AMD’s Random Performance Issues Pinned to fTPM with a Fix in Another Two Months

AMD users have been frustrated with intermittent stuttering issues, including gaming nightmares such as random freezing, sudden performance drops, and latency spikes. These types of issues seem to only affect AMD systems. and are difficult to replicate due to their randomness. Luckily, it looks like AMD was able to isolate the issues to its TPM firmware.

AMD fixed the problem on its website (via TechPowerUp) stating that “AMD has determined that certain AMD Ryzen system configurations may intermittently perform fTPM-related large memory transactions in SPI flash memory (“SPIROM”) located on the motherboard, which may cause temporary pauses in interactivity or responsiveness of the system until the transaction is concluded.”

AMD goes on to say that it expects BIOS updates to begin in May 2022, which is two full months away. In the meantime, you can work around the problem by purchasing a hardware TPM module. These are widely available, but before that, check if your motherboard supports hardware TPM, which if enabled means you shouldn’t have any problems anyway.

Trusted Platform Module, or TPM, is a security measure that secures a computer with a cryptographic key. Its goal is to improve platform security by encrypting sensitive data so attackers and malware can’t access it. Well, not easily anyway! Any PC connected to the Internet, running applications or actually having a human in front of it can be 100% secure.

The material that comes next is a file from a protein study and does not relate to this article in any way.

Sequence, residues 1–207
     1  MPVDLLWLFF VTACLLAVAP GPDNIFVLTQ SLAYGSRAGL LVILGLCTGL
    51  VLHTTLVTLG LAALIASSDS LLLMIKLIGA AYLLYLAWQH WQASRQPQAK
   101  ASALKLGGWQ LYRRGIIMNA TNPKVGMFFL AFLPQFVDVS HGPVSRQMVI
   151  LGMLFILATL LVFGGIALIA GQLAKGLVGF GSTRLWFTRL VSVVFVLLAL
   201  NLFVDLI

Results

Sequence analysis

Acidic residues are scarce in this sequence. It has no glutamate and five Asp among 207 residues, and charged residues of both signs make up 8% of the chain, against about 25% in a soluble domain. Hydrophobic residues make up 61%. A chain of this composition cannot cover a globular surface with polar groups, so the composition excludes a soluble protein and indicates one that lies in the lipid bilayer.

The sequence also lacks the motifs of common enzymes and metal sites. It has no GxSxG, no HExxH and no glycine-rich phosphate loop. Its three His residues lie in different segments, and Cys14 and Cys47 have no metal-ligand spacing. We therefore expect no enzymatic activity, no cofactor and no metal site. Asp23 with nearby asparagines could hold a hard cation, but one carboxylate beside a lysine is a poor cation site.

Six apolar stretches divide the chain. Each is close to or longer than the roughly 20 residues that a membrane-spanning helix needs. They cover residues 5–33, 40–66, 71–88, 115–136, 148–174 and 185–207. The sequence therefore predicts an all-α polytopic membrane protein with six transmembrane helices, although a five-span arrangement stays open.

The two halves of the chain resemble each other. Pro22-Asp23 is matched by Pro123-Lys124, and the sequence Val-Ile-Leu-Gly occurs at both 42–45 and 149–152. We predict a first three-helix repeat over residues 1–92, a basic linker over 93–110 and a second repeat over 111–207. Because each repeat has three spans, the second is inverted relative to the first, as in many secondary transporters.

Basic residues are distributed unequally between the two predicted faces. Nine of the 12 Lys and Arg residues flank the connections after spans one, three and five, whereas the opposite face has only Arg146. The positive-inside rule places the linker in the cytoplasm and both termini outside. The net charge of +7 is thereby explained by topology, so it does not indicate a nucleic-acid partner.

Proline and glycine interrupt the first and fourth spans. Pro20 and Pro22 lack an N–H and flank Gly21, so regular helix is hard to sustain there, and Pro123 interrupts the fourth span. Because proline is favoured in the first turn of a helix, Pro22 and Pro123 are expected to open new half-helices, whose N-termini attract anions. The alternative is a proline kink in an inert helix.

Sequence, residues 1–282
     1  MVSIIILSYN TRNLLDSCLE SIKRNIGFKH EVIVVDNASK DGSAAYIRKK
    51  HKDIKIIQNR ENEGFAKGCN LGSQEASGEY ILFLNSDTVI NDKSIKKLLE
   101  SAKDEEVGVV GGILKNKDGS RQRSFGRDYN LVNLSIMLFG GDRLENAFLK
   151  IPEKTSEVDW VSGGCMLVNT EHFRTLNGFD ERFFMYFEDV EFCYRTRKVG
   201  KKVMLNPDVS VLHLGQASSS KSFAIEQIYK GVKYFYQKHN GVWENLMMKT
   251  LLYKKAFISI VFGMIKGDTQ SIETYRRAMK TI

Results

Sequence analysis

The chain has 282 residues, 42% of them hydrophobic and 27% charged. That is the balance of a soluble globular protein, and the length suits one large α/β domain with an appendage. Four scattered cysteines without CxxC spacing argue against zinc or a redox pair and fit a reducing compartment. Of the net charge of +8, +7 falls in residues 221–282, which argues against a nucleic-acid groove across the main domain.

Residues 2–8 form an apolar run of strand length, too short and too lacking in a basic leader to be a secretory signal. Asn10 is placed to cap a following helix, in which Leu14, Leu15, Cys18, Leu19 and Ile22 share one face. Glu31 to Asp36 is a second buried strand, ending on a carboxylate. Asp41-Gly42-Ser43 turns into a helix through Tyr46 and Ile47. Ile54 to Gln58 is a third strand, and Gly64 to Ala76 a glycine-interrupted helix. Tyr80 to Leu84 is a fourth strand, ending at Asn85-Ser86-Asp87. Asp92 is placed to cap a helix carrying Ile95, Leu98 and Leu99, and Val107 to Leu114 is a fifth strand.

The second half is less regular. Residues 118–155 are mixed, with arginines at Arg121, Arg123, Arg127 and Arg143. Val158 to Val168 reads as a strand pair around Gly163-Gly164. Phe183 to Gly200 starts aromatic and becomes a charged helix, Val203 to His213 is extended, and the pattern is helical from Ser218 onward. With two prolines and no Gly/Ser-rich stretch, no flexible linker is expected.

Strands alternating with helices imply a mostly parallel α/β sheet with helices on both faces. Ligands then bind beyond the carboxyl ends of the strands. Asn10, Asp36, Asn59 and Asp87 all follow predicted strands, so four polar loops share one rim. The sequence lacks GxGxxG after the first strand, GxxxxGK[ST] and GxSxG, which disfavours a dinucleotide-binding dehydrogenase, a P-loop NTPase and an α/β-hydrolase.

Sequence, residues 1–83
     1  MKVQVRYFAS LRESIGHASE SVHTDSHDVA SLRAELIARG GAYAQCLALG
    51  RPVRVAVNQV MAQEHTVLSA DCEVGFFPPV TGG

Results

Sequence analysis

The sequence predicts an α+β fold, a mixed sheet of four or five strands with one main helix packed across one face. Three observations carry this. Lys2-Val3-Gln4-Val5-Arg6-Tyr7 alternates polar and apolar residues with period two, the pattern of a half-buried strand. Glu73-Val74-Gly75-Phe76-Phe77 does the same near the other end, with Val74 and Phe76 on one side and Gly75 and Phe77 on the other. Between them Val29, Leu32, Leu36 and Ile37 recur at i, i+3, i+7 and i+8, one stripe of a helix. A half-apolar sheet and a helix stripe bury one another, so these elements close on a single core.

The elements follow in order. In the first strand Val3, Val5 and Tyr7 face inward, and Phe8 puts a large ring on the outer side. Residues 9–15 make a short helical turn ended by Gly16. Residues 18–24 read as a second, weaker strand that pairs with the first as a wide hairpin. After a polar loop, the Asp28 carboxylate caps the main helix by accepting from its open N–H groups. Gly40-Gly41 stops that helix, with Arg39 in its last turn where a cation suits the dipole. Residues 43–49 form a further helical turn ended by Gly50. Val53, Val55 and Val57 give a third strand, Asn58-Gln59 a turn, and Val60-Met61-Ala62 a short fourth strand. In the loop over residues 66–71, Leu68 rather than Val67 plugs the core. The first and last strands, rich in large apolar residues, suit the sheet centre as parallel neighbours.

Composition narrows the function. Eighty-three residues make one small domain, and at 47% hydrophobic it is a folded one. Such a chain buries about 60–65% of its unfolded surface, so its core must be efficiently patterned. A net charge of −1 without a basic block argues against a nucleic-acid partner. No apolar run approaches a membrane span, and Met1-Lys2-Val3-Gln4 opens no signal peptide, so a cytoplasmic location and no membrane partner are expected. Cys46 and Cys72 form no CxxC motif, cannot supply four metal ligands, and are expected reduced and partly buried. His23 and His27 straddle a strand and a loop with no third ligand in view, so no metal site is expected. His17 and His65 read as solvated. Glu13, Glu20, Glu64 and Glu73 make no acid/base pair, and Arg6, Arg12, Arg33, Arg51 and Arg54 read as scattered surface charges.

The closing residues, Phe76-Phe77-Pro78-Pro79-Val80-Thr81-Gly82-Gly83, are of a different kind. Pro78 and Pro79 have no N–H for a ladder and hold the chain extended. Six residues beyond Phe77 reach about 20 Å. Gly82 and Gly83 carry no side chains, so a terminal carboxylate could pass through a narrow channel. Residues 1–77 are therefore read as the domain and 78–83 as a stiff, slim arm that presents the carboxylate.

TPM has been around in one form or another for many years, especially in the corporate world, but many desktop users and gamers would have first encountered it when Microsoft announced it would be a requirement for Windows 11. His reasoning is that firmware attacks and malware, including ransomware attacks, are on the rise, and due to market saturation, many of these attacks are on Windows machines.

Everything is a bit confusing. Microsoft’s PC Health Check app can be used to check if the system has TPM. Add to that the requirement for a modern CPU, confusing BOM, and now random performance issues, and we wonder if TPM is really worth it.

If you don’t want that, there is always this workaround that allows you to bypass the requirement while upgrading from Windows 10 to Windows 11.

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